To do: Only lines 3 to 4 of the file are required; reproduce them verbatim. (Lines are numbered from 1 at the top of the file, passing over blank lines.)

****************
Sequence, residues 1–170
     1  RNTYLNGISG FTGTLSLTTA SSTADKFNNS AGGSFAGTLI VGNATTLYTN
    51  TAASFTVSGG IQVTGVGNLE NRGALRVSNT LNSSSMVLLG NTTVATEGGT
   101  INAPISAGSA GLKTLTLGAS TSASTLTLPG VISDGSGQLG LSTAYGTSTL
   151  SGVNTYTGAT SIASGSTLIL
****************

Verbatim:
    51  TAASFTVSGG IQVTGVGNLE NRGALRVSNT LNSSSMVLLG NTTVATEGGT
   101  INAPISAGSA GLKTLTLGAS TSASTLTLPG VISDGSGQLG LSTAYGTSTL